Mozart: The "Haydn" Quartets
The Juilliard String Quartet:
Robert Mann, violin
Isidore Cohen, violin
Raphael Hillyer, viola
Claus Adams, cello
Price range: $53-510, mean $285 on popsike
Comments: I believe that the Juilliard String Quartet recorded Mozart's six "Haydn" Quartets at least twice, once in the early 1960s for Epic and then again with a different musician lineup for CBS in the mid 1970s. Robert Mann (violin) and Raphael Hillyer (viola) played in both sets; Isidore Cohen (violin) and Claus Adam (cello) were replaced by Earl Carlyss (violin) and Joel Krosnick (cello) in the 1970s set [actually, Claus Adams is listed as the cellist for Quartets #18 and 19 of the second set]. This 3 LP Columbia SAX set consisted of the UK pressings of the Epic recordings issued by EMI/Columbia. It is both relatively rare and quite expensive, as you can see from the popsike listing. If you're yearning for a copy, Classical Vinyl in the UK has it on sale now for 320 GBP.
I have listened to both sets from the Juilliard, and in all honesty, it's hard for me to pick a clear winner. Both are excellent, in my opinion. The Epic set opens with the cheerful Quartet #14 in G major. One of my first impressions was how tight the ensemble was; the quartet truly plays as a single organic entity. Intonation is predominantly spot on. Perhaps these observations come as no surprise, since these recordings were made following a series of international tours in Europe and Asia that the Juilliard Quartet made as "cultural ambassadors", so I think they had a lot of opportunities to find their groove. The Adagio opening to Quartet #19 "Dissonant" is played with such beauty; I love the way the Juilliard has such control of their dynamics as they play those rising crescendos. This very solemn but dramatic introduction paves the way for the Allegro which the Juilliard conveys with such joy and energy. "The Hunt" is also given an excellent performance, and I especially enjoyed listening to the final movement in which the Juilliard Quartet turns up the heat.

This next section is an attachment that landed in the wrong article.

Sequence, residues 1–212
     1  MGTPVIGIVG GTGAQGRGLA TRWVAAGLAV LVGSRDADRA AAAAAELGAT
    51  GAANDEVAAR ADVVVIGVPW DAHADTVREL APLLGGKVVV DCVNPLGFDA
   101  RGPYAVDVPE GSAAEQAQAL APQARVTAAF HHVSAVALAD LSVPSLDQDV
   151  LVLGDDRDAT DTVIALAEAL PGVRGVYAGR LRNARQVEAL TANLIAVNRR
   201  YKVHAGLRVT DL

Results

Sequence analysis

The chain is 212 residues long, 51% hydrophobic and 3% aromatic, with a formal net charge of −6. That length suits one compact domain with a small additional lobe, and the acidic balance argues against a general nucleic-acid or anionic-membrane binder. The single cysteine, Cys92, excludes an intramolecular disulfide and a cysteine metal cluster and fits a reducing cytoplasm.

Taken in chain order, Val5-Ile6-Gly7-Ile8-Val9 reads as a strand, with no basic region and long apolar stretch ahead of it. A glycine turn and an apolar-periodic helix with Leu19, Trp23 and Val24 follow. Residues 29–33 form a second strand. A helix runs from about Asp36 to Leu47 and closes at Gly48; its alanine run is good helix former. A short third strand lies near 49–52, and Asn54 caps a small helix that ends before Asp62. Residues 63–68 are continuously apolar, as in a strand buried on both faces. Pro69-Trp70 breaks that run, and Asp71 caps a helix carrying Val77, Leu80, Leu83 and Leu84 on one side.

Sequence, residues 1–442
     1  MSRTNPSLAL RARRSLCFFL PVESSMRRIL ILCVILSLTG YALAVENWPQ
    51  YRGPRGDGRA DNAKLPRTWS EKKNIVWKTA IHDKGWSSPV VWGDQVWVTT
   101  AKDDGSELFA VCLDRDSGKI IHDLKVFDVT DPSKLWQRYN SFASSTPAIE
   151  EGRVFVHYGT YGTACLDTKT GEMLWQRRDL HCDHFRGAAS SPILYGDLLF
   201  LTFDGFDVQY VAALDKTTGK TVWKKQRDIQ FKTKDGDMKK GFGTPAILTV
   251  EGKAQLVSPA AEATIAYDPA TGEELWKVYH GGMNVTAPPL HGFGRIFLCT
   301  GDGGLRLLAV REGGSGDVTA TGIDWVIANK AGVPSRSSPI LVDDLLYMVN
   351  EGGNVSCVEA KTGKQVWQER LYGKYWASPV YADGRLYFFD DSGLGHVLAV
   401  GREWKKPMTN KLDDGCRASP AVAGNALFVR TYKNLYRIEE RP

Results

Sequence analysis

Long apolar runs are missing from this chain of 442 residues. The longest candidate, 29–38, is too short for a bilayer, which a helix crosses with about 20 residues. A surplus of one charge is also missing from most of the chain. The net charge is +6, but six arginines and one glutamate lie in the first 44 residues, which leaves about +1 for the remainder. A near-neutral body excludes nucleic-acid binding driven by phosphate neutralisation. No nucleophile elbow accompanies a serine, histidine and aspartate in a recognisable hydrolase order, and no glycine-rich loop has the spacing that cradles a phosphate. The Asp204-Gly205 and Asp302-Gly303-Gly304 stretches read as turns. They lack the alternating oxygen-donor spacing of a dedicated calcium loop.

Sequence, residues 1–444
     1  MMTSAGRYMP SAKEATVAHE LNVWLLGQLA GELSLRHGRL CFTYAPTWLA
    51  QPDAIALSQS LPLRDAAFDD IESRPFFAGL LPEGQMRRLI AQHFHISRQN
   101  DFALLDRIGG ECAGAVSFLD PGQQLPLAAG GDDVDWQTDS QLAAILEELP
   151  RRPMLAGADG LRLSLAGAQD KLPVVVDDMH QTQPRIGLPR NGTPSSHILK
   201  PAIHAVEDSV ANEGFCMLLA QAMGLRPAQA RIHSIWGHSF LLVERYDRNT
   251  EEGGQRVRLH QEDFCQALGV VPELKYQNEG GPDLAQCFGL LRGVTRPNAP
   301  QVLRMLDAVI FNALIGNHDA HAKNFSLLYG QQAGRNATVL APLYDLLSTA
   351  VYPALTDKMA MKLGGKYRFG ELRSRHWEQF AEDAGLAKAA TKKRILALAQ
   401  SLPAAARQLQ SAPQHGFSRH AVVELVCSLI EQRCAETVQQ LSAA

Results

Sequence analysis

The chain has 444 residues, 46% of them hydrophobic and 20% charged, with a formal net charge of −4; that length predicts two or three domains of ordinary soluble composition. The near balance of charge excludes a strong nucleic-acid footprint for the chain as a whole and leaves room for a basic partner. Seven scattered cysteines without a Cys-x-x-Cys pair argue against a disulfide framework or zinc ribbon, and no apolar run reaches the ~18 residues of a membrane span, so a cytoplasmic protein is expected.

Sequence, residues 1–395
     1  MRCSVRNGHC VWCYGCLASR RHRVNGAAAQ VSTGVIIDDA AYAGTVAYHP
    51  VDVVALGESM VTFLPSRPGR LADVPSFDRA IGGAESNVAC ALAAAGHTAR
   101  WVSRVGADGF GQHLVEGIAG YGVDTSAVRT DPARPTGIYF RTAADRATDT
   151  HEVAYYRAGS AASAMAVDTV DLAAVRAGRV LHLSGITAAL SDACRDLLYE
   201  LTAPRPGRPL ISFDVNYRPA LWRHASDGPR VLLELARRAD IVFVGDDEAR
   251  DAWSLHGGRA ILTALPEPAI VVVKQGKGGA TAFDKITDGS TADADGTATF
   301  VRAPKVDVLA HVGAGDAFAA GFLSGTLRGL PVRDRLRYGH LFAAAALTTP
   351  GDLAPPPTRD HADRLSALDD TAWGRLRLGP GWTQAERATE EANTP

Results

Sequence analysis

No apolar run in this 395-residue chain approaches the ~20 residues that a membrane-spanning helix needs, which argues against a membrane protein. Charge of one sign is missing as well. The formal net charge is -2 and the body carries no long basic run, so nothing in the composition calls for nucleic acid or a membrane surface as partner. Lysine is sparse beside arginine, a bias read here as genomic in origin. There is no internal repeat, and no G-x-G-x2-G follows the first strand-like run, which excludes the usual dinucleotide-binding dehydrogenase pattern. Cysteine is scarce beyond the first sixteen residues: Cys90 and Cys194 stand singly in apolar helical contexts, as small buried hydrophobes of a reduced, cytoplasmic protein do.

The sound quality here is very good with a nice analog warmth and clarity to it. Sitting in the sweet spot between my speakers, I was able to appreciate the spatial separation of instruments.
Notice that all the matrix numbers are the same ones used for U.S. Epic stampers (at least for the first pressing of the Epic equivalent). This leads me to believe that these were not remastered by Columbia and were rather just pressed in the U.K. I have done an A/B testing of the Columbia vs the Epic pressing of the same album (the photos of this album are shown below) and have to say that I do not hear any significant sonic difference. Keep in mind, this is with a late, blue label Epic pressing. Look at the price differential. These Epic records can be had for a few dollars a pop. Each of the Columbia issues sell for $100 or more. This might be a prime example of how rarity trumps sound quality. If you're going for this as a hard-core collector, that's one thing. If you're going for the music, I think you'll be more than satisfied to get the US Epic releases. While the later CBS set is available in digital as a budget boxed set from Sony, I have yet to see the entire Epic set released on CD.
I've included scanned images of the booklet that is included in the boxed set for your reading pleasure.